As part of a strategy by Israel to improve relations with moderate, secular countries of the Islamic world, President Shimon Peres is visiting Azerbaijan on June 28. In the first trip by an Israeli head of state to Azerbaijan, Peres will hold talks with Azerbaijani President Ilham Aliyev and other officials. Azerbaijan is of key importance to Israel, in that the Jewish state gets 20 percent of its oil from the former Soviet republic. And possibilities are being investigated for Israel to also buy big quantities of Azerbaijani natural gas.
Oil And Gas
It’s not surprising, therefore, that Azerbaijan’s $3.5-billion energy trade is likely to feature largely in Peres’s talks in Baku. For the Azerbaijanis, interest centers on the possibility of cooperation in medical research and various high-tech fields, and of importing Israeli agricultural products. Baku may also be interested in buying more Israeli arms, after its initial purchase of hundreds of millions of dollars’ worth of ammunition, mortars, and radio equipment. Azerbaijan, which remains locked in a dispute with neighboring Armenia over Nagorno-Karabakh, has dramatically stepped up its military spending in the past five years; this year’s budget alone is $2.5 billion.
Israel’s ambassador to Baku, Arthur Lenk, told RFE/RL’s Azerbaijani Service that the two countries have good relations. “We are two small countries living — I’m not sure how a diplomat would say it — living in ’complicated’ regions, and we have a lot in common,” Lenk said. “We are looking to build up our countries to be more safe, we are trying to live reasonably with our neighbors, we are trying to find ways to develop our countries, we are trying to find ways to live in a complicated area in peace and security.”
But beyond the economic value of the visit there is the symbolic value of Israel being able to add another name to its roster of Muslim-majority nations with whom it has “warm and friendly” relations. Envoy Lenk points out that Turkey, Egypt, and Kazakhstan also fall into this category. But he sees a special human bond between his country and Azerbaijan because of the long-standing Jewish community in Azerbaijan, and conversely the presence of many Azerbaijan-born people in Israel.
Wary Of Iran
The two countries have another common bond — namely, their wariness toward regional giant Iran.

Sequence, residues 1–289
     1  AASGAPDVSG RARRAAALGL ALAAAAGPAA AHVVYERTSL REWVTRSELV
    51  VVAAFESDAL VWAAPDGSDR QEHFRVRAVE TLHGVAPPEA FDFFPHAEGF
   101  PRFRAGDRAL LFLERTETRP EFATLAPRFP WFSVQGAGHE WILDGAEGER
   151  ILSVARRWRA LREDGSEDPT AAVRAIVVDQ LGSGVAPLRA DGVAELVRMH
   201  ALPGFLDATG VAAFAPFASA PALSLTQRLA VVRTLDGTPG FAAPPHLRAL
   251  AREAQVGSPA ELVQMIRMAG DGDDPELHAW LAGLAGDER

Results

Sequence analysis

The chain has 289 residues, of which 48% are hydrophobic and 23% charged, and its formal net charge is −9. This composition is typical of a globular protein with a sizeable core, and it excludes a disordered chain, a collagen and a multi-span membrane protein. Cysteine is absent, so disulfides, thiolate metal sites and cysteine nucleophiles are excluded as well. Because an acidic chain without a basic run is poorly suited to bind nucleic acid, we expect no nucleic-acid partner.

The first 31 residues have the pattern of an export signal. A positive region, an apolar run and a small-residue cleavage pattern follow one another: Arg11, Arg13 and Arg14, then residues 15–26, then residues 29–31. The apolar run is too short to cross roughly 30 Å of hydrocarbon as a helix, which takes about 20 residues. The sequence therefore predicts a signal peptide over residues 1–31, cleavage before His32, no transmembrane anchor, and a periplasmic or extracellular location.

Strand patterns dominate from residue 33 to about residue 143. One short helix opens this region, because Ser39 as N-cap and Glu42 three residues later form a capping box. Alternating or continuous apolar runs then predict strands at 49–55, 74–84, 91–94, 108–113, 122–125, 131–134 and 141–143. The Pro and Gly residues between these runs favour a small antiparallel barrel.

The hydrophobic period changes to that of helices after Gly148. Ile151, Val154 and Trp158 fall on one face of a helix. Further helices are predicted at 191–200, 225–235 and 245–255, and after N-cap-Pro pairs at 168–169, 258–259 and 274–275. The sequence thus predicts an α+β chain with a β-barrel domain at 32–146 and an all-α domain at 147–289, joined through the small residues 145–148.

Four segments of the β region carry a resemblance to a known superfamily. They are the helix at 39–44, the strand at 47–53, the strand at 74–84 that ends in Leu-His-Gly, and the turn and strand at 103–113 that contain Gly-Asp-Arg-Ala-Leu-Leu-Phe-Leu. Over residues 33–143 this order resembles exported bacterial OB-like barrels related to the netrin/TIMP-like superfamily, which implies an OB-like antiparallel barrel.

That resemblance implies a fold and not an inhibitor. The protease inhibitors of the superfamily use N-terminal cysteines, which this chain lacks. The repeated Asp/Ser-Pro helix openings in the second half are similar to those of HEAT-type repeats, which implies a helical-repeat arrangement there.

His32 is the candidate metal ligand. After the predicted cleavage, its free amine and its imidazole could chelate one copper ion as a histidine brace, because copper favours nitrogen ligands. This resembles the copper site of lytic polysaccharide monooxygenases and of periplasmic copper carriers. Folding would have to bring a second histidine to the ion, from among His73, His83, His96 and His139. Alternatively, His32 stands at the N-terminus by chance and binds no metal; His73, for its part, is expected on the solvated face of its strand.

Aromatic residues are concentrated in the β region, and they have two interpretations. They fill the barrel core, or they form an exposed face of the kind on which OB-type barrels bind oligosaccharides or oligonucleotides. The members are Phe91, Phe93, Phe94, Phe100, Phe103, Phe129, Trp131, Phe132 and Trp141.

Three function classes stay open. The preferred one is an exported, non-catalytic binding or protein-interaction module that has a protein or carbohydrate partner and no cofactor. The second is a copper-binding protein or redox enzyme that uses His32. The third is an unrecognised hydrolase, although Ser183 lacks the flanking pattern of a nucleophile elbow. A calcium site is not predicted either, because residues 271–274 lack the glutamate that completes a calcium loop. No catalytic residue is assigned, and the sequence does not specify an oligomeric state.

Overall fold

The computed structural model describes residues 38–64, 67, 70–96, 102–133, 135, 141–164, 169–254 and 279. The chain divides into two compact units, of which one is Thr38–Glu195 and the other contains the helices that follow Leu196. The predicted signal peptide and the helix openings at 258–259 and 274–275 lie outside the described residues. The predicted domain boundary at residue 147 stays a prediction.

In May, Azerbaijani media carried comments by Iranian military chief of staff Hasan Firudabadi warning Baku that a visit by the Israeli head of state would be an “incorrect step.” Firudabadi was also quoted as saying that the visit seems not to be a friendly gesture toward Tehran.
Azerbaijani Foreign Minister Elmar Mammadyarov subsequently criticized the Iranian reaction, saying Baku would not accept any interference in its affairs.
In a June 1 editorial, the leading Israeli daily “Jerusalem Post” said that Baku’s invitation to Peres at this time “reaffirms the strategic relationship between the two countries,” and that it is a political gesture demonstrating Azerbaijan’s “commitment to its Western orientation and independence from Moscow and Tehran.”
Ambassador Lenk said that while the Peres visit is not Iran’s business, it is not in any way directed against Iran.
“Iran doesn’t like anything Israel does. Their president has called for the destruction of my country. Where does such a thing happen? No other leader calls for the destruction of another member of the United Nations, ” Lenk said.
In an interview carried on June 25 by Azerbaijan’s Trend news agency, Peres is quoted as saying that Israel stands for the territorial integrity of Azerbaijan. This appears to be a clear reference to the Nagorno-Karabakh dispute, in which ethnic Armenians continue to occupy territory within Azerbaijani borders.
Not everything in the Azeri-Israeli connection is plain sailing, however. Four Azeribaijanis and two Lebanese are currently on trial in Azerbaijan, facing charges that they were plotting to blow up the Israeli Embassy in Baku.
And the pro-Iranian Azerbaijani Islamic Party staged a protest rally in the village of Nardaran outside Baku ahead of Peres’s arrival.
Editor’s Note: RFE/RL’s Azerbaijani Service contributed to this report
Copyright (c) 2003 Open Society Institute. Reprinted with the permission of the Open Society Institute, 400 West 59th Street, New York, NY 10019 USA, wwwEurasiaNet.org. or www.soros.org.